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Helping millions of Russians to rise above poverty line quite a challenge

November 27, 2014, 15:20 UTC+3 Alexandrova Lyudmila
© Yury Smituyk/TASS

MOSCOW, November 27. /TASS/. The fact that one in nine Russians is below the poverty line is officially recognized by the authorities. Addressing this social ill in Russia is a really daunting task, for there are very different groups of the poor and the authorities should take a differential approach to each of them, scholars say.

At the moment 15.7 million Russians live below the poverty line (in a country with a population of 146.7 million), Deputy Prime Minister Olga Golodets said several days ago. Inflation may push the rate further up, government officials believe. Families with children take the top line in this risk group.

Low incomes of the population are the main reason for this social disaster. According to the federal statistical service Rosstat, nearly four million Russians get a wage below 7,500 rubles (roughly $160).

Poverty statistics vary, though. Rosstat says that in 2013, 15.7 million were in the low income brackets. The number of the poor grew as the subsistence level went up last year. On the other hand, back in 2012, President Vladimir Putin mentioned 18 million poor Russians.

The chairman of the Federation Council’s social policies committee, Valery Ryazansky, believes that the official statistics are overstated three times, because many Russians do not declare their real incomes in order to evade taxes. “The real level of poverty ranges from five million to seven million,” Ryazansky said.

Poverty is a relative phenomenon and largely depends on how exactly it is gauged and understood, say Higher School of Economics senior lecturer Natalya Tikhonova and lecturer at the Higher School of Economics department of the economy Vasily Anikin in an article entitled "Poverty in Russia against the background of other countries." According to their statistics, 45% of all employed Russians — low and medium skilled workers — should be regarded as poor. About 20% of the poor are low and medium-qualified office workers.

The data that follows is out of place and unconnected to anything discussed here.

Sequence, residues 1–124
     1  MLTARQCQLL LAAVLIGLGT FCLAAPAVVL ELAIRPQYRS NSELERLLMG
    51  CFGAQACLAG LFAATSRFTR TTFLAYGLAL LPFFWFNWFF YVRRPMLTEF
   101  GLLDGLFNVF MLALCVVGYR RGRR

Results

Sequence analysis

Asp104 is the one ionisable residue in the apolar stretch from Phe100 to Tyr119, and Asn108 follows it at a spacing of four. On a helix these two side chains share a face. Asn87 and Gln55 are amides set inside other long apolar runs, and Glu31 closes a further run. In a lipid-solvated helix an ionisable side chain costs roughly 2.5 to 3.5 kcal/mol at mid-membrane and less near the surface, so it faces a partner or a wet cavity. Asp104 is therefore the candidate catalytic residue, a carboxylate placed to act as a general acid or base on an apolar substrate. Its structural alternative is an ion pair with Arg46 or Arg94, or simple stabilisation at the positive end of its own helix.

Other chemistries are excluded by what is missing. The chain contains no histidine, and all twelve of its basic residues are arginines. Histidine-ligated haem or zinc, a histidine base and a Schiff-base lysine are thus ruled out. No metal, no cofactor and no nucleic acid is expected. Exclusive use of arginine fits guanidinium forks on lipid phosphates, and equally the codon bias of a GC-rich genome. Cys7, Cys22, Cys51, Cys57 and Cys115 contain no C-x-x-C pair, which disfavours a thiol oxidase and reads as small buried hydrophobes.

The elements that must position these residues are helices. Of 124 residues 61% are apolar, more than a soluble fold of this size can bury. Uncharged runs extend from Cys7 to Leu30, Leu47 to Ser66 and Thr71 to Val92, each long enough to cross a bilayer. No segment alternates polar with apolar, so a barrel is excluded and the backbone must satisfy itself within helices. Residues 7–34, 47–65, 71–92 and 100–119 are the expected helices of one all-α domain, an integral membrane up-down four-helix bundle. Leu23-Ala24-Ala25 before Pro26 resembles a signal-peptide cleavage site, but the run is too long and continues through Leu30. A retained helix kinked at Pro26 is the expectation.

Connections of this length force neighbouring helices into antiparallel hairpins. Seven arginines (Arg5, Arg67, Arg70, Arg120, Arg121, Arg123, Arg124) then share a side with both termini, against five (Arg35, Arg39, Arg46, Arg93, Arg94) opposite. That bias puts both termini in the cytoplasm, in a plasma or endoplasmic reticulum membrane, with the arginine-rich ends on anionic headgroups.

This type of poverty is called industrial. It prevails in all developing countries. The reason behind it is the oversupply of low-skilled work force, which results in low wages paid to this category of the employed. At the same time, there are very few jobless people in this group of the poor.

It is generally believed that many Russians are poor and the wages are one of the lowest in the world. But Russia cannot be called a country of the poor, the scholars say. By all key parameters of the socio-economic development characterizing the living standards, Russia holds a place between Britain and Germany, on the one hand, and the BRICS countries, on the other, but much closer to the developed countries.

Doing away with poverty in Russia will be not easy at all, because it is very diverse. In the low income group one finds rural residents who have dropped out of the post-industrial era, low-skilled workers, blue collar workers, teachers, and parents of children under age. Each group of the poor requires its own approach and individual forms of state support. For instance, the measures that are certainly to succeed in Moscow may yield no effect at all in the Caucasus republic of Ingushetia and the other way round.

Ryazansky believes that in order to narrow the gap between the rich and the poor, the government should not only raise wages and salaries, but also bring the focus on highly paid categories of its citizens. He suggests making them pay higher taxes, narrowing the gap in the remuneration of managers and ordinary factory and office employees, and restricting the retirement bonuses (gold parachutes) paid to the companies’ top managers.

Rosstat this week published a report saying that the average wage of Russian civil servants last year went up by 18% to nearly 100,000 rubles. In the meantime, the average wage in the country during that period stood at 31,600 rubles, showing a 9.8% growth against January-September 2013.

ITAR-TASS may not share the opinions of its contributors